It doesn’t help that the map itself is weirdly sparse and full of massive, flat stretches with very little in the way of even natural cover. H1Z1 proudly proclaims that it features no harvesting of materials and no system to build structures with. While that always felt extraneous in Fortnite, that’s only because the terrain is busy enough by default. Here, my greatest defense was often the hope that my opponents had as much trouble seeing things as I did.

Being the first battle royale game may have been enough a few years ago, but in the current market where Fortnite is the biggest thing in the world, it takes greater ambition than “ugly but functional” to stand out. The best thing I can say about H1Z1 is that it’s free, but even so, I still can’t recommend it when its biggest competition is also free and offers a far better version of this same premise. Rating: 4 out of 10


 

Disclosures: This game is developed and published by Daybreak Game Company. It is currently available on PlayStation 4 and PC. This copy of the game was obtained via free download (along with a DLC pack provided by the publisher) and reviewed on the PlayStation 4. Approximately four hours of play were spent in multiplayer modes. There is no single-player mode. 

Parents: According to the ESRB, this game is rated Teen and contains Violence and Blood. There’s a ton of shooting, and players emit clouds of blood when hit, but it’s nothing graphic.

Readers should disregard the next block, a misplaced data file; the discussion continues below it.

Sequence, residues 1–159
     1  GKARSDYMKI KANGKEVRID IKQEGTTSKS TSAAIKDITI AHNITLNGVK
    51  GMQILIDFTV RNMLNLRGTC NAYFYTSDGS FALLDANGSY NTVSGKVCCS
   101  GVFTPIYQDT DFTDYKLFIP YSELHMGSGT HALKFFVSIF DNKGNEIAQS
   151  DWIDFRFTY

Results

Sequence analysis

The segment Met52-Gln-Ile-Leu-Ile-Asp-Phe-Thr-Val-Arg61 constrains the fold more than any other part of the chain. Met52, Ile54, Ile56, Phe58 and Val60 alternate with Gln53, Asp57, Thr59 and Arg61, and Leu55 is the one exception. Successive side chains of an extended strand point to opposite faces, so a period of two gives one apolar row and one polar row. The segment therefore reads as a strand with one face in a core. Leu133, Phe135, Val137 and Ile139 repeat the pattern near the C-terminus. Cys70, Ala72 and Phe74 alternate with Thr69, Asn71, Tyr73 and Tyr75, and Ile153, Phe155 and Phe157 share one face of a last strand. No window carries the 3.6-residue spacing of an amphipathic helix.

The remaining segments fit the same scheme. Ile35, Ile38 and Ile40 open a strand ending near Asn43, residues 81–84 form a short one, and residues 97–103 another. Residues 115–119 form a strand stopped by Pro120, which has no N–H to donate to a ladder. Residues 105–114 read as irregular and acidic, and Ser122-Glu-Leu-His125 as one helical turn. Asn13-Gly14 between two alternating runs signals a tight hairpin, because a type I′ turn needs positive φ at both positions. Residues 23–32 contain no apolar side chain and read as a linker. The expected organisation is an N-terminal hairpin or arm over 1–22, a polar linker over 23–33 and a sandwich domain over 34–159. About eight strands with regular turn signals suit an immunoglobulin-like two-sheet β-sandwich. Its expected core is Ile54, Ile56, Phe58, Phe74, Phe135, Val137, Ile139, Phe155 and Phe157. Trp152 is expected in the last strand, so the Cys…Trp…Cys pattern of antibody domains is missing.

Colorblind Modes: There are no colorblind modes available in the options.

Deaf & Hard of Hearing Gamers: Although the game is technically playable without sound, it’ll put players at a significant disadvantage, as this is a competitive game in which audio cues can be extremely helpful in tracking down players or sensing threats. There are no visual indicators when shots are being fired.

Remappable Controls: No, this game’s controls are not remappable.

 

Mike Suskie

Mike Suskie

Mike's first exposure to video games was when his parents bought him a Game Boy and a copy of Kirby's Dream Land. Completing it gave him the boost of confidence that launched a lifelong enthusiasm for the medium. Later in his life, he went back and discovered that Kirby's Dream Land is actually a laughably easy game that can be finished in about 20 minutes, but no matter.

He was born and raised in Amish country and has yet to escape, despite a brief stint in Philadelphia, where he attended Temple University. He took a one-credit course there called "Career Opportunities for English Majors," which painted a bleak picture for prospective writers. Mike remains steadfast in his ongoing role as a video game critic, however, and has recently written for GamesRadar. Most of his work can be found on HonestGamers, where he has contributed over 200 reviews to date.

When not playing games or writing about them, Mike is a rabid indie music fan and ardent concertgoer. He doesn't read as much as he probably should, but his current favorite author is Alastair Reynolds.
Mike Suskie